The Four Noble Truths and The Eightfold Path Explained

When Buddha reached Enlightenment, he decided to spread his teachings. He understood that life brought about suffering and that in order to be free from it, we must observe certain ways and know certain wisdom. With that, he taught the most important elements of Buddhism, the Four Noble Truths and the Eightfold Path.

The Four Noble Truths explains how suffering is part and parcel of our lives but there is always respite from it. On the other hand, the Eightfold Path teaches the proper way of living in order to achieve freedom from suffering and enlightenment.

The Three Jewels of Buddhism

Before we go into the Four Noble Truths and the Eightfold Path, let us first look at the core of Buddhism which is the Three Jewels.

The Three Jewels are:

  • The Buddha
  • The Dharma and
  • The Sangha.

The Buddha

The Enlightened One or Siddhartha Gautama or Gautama Buddha. The Buddha is only known Buddha to mankind, however it is said that there were many Buddhas that came before him and there will be future Buddhas to come. He is the teacher who received the knowledge on how to achieve Nirvana. He journeyed to teach others how to free one’s self from Dukkha or suffering.

The Dharma

Dharma is defined literally as the cosmic order. It is known in Buddhism as the teachings of the Buddha towards the freedom from the Dukkha. The Dharma is mainly a philosophical way to live not just for enlightenment but also all the teachings about daily life, relationships, working and earning money, family and all facets of life are taught in the Dharma.

The Sangha

The Sangha literally means community, assembly or association in Sanskrit. It is a group of people normally Buddhist monks and nuns who teach and uphold the teachings of Buddha to others. They are people who have at least attained one of the four levels of Enlightenment.

The Four Noble Truths

There are Four Noble Truths that exist regarding Dukkha. Dukkha is suffering. And suffering is constant. Everything around us causes suffering, even those that bring about pleasure since they are all impermanent. This impermanence makes us crave and desire them more leaving us in a state of discontentment and thus suffering.

Have you ever woken up in the morning feeling like you’d rather just go back to bed and not get up to face the day? Have you ever ate a slice of cake feeling regretful that it would make you fat or have you ever had icecream wanting another scoop and getting that next scoop and another one and another one till you have eaten the whole pint? Well this in essence is suffering. A human’s struggle to live and satiate the whims of the body.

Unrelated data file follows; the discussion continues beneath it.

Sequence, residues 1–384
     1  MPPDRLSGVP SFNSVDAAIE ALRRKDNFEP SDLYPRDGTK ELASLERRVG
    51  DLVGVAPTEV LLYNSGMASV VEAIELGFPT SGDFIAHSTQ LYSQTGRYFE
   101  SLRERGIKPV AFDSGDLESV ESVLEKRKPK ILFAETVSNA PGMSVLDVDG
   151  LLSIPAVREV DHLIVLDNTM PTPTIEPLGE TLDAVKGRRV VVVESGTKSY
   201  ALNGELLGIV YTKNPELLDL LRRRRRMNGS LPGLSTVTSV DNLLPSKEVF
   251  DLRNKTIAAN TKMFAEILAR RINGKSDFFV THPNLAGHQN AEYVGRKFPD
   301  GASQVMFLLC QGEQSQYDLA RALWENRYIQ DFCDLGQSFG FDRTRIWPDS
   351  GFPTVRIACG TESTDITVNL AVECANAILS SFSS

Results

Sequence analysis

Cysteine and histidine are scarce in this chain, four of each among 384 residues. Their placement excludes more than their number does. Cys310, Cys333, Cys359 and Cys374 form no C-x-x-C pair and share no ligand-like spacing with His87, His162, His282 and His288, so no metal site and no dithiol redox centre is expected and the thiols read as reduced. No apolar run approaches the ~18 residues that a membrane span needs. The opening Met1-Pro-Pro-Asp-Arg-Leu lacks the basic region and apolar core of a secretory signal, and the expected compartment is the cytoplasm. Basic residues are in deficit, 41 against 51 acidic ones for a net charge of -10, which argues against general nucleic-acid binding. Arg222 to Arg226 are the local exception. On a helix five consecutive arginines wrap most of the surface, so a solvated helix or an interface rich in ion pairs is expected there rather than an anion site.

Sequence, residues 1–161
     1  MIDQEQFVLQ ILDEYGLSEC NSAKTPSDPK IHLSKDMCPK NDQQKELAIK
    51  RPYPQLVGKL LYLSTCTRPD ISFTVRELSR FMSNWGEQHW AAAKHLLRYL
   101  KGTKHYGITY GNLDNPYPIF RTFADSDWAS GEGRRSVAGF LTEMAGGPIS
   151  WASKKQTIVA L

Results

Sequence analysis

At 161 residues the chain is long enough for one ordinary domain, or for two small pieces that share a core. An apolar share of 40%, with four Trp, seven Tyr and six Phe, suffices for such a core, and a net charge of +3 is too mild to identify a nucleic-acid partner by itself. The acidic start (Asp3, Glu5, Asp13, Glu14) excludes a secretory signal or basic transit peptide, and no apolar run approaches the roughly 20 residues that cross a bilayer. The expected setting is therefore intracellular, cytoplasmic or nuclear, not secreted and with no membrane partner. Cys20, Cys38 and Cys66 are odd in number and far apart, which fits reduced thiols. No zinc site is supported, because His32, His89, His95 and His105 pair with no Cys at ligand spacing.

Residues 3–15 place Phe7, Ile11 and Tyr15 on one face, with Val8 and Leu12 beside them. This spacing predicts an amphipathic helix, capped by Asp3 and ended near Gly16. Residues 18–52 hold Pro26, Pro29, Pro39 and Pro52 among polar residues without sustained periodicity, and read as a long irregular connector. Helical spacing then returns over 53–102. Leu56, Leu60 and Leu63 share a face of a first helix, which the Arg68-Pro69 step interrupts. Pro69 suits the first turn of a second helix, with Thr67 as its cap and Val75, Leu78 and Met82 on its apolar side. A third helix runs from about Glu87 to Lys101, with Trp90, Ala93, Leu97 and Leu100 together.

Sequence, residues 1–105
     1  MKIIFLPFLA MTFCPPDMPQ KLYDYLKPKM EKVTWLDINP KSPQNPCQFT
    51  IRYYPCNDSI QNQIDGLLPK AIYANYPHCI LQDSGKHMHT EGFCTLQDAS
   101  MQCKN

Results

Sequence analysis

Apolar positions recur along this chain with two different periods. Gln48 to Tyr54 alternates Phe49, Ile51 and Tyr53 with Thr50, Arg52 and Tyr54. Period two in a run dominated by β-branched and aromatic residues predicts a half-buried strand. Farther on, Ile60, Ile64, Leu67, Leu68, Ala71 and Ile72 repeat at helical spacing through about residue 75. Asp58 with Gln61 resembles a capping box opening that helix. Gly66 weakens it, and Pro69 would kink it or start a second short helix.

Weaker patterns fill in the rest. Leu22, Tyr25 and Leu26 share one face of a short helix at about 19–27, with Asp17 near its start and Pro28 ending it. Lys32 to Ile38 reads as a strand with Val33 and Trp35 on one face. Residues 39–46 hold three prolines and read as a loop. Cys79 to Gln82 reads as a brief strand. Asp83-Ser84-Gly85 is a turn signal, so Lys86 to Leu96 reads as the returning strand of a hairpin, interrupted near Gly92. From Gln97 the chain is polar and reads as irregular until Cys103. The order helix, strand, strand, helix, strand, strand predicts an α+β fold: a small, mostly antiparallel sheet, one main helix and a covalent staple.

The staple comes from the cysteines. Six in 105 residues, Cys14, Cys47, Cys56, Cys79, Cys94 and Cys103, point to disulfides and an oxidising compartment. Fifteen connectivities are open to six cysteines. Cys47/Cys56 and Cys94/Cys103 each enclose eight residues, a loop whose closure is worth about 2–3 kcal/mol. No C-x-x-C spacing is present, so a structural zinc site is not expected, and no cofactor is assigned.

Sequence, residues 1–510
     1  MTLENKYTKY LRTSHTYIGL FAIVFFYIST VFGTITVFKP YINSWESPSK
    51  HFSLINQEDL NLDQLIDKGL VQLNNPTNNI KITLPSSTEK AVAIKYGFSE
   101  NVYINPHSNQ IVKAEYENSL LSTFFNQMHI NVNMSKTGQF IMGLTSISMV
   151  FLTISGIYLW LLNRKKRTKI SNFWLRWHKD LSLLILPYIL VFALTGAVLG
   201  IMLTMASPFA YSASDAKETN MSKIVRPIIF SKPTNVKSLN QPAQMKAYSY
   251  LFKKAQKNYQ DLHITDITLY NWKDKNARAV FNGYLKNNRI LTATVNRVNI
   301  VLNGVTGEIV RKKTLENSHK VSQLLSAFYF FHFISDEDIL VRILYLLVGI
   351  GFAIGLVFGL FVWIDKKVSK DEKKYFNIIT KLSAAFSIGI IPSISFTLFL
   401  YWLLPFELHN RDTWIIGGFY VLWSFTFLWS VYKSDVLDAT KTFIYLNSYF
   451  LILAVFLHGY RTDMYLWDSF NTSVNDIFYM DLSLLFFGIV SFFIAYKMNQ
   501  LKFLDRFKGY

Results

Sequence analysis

1. The Truth of Suffering

The Truth of Suffering states that we are in a constant state of wanting, longing, suffering, pain and sorrow. We go through life with different emotions and thus it causes us turmoil. This also relates to the point of being reborn into a state of wanting and suffering again.

2. The Truth of the Cause of Suffering

The Truth of the Cause of Suffering states that WE SUFFER BECAUSE WE DESIRE. Desire is the main reason for suffering. Desiring, be it a good thing or a bad thing can cause us discomfort. Even life needs causes suffering. Desire and needing food causes hunger. Desiring shelter and not having it causes homelessness. Even wanting to live causes us to suffer.

Humans’ greatest desire is LIFE itself. To be able to stay alive in a organic body that is doomed to whither and die eventually. We fear death because we desire life. And this fear of death a lot of times brings us suffering.

You may see desire in many forms. The desire for money. We work too hard because we think that if we have money we will be more comfortable. We desire love, we feel depressed and lonely without it. We desire acceptance. We desire material things. We desire power. We desire many things and thus WE SUFFER.

3. The Truth of the Freedom From Suffering

The Third Truth of the Four Noble Truths states that Dukkha can cease if we cease to cling on to desire. We can find Nirvana and freedom if we no longer desire things, people, money and even the need to hold on to life. Yes life is precious but we need not be afraid of death. We need not be afraid of hunger.

By accepting that desiring things causes suffering we can learn how to curb and lose those desires. When you desire nothing, then you have reached the first step towards enlightenment.

But removing desire from our hearts and our minds is DIFFICULT. Buddha knew this, and hence he said the final teaching of the Four Noble Truths, which is the Truth of Liberation from Suffering Through the Eightfold Path.

4. The Truth of Path of Liberation from Suffering

Buddha knew that being man, we are exposed to desires, hurt, pain, suffering, delusion and anger. He knew that man is fallible and hence he created an Eightfold Path that teaches the Right Ways of Life. When followed, we can live towards the attainment of Nirvana.

The Eightfold Path

The Eightfold Path is the third circle in the core of teachings of Buddha. These teachings are timeless, philosophical yet practical ways of living life. By following the Eightfold Path, one can live a life full of compassion, virtue and thus achieve Enlightenment.